Iowa can be the top state in girls' (and women's) wrestling
The first sanctioned high school season leaves no doubt
Anyone who doubted Iowa might not be ready for a state girls’ high school tournament has been silenced.
And that silence was deafening.
The state’s first traditional tournament that was sanctioned by the Iowa Girls High School Athletic Union was held February 2-3 at the Xtreme Arena in Coralville. A field of 448 wrestlers competed in 14 weight classes, and Waverly-Shell Rock was crowned as the first state team champion (out of 157 programs competing).
Iowa’s first state sanctioned season, including this meet held at Ballard of Huxley, brought excitement and opportunities for girls. (Photo by John Naughton.)
It was a moment that took years to occur. But it’s now a sign that Iowa can be a dominant player — like college and amateur men and high school boys — for women and girls, too.
For those who are unfamiliar with the advancement of the sport, let’s take in a history lesson.
Iowa is a hotbed for the sport of wrestling. It has been home to members of every U.S. Olympic team since 1920, legendary competitors and coaches, and an institution at high school.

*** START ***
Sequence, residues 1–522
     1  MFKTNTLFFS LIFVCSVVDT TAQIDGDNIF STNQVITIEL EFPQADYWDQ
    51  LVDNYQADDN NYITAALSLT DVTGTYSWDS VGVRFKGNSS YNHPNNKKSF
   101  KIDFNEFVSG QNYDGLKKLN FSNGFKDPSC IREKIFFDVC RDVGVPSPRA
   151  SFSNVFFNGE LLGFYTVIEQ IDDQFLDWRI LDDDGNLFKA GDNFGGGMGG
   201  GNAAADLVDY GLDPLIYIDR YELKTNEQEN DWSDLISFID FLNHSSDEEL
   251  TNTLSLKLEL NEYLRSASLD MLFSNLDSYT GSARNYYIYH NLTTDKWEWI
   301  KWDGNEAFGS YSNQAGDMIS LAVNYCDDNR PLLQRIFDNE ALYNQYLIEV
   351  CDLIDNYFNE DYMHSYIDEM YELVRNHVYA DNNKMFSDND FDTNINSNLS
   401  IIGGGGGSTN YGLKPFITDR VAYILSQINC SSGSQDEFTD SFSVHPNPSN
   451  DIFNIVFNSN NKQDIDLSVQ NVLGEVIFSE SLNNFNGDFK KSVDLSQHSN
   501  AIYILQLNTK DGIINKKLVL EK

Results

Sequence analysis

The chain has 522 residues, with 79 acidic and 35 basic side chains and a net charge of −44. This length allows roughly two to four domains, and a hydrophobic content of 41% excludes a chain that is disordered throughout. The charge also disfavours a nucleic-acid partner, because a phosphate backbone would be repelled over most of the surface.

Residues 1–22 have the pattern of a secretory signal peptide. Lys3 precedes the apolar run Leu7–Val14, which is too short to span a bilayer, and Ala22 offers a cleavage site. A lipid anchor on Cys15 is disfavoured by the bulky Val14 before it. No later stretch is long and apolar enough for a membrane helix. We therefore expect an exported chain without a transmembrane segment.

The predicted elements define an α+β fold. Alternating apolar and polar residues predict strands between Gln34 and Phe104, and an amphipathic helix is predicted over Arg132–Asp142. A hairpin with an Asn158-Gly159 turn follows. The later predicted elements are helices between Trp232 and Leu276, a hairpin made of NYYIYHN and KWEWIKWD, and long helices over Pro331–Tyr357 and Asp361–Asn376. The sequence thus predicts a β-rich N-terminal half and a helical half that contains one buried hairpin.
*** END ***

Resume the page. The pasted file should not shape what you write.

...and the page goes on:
But for girls, the opportunities have been limited. At least until this season.
Fans of the sport may recall that in recent years, Iowa high school girls didn’t have their own state-sponsored tournament. Girls had to compete with and again boys. It was an uncomfortable situation for everyone, wasn’t it?
There were some cases when girls qualified for the state boys’ meet. In 2011, a boy refused to wrestle a girl, citing his religious beliefs.
Questions from that time about girls’ wrestling: Are there enough athletes to justify a new girls’ sport? Who will run it, the boys’ Iowa High School Athletic Association, or the Girls’ Union? When will the season occur?
Iowans are heavily represented in the National Wrestling Hall of Fame in Stillwater, Oklahoma. Among them are Simon Roberts (left), who competed for Davenport High School and Iowa, and Dan Gable (right). (Photo by John Naughton.)
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